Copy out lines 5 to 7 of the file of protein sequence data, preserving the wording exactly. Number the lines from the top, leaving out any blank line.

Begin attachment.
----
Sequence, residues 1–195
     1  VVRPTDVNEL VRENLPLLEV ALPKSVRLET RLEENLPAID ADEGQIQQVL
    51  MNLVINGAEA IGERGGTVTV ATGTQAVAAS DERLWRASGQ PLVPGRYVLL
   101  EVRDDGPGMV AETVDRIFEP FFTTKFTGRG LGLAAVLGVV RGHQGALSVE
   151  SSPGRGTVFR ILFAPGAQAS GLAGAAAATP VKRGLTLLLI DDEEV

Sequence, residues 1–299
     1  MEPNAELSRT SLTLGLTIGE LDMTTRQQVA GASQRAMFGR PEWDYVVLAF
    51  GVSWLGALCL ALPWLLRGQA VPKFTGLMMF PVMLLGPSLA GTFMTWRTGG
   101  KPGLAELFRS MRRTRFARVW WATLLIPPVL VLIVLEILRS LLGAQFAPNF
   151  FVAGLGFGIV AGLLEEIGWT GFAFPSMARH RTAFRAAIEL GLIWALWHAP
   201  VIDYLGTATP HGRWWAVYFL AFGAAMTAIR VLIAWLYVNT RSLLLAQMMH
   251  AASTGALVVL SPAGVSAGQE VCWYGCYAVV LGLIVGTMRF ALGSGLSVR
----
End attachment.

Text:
   151  SSPGRGTVFR ILFAPGAQAS GLAGAAAATP VKRGLTLLLI DDEEV

Sequence, residues 1–299
     1  MEPNAELSRT SLTLGLTIGE LDMTTRQQVA GASQRAMFGR PEWDYVVLAF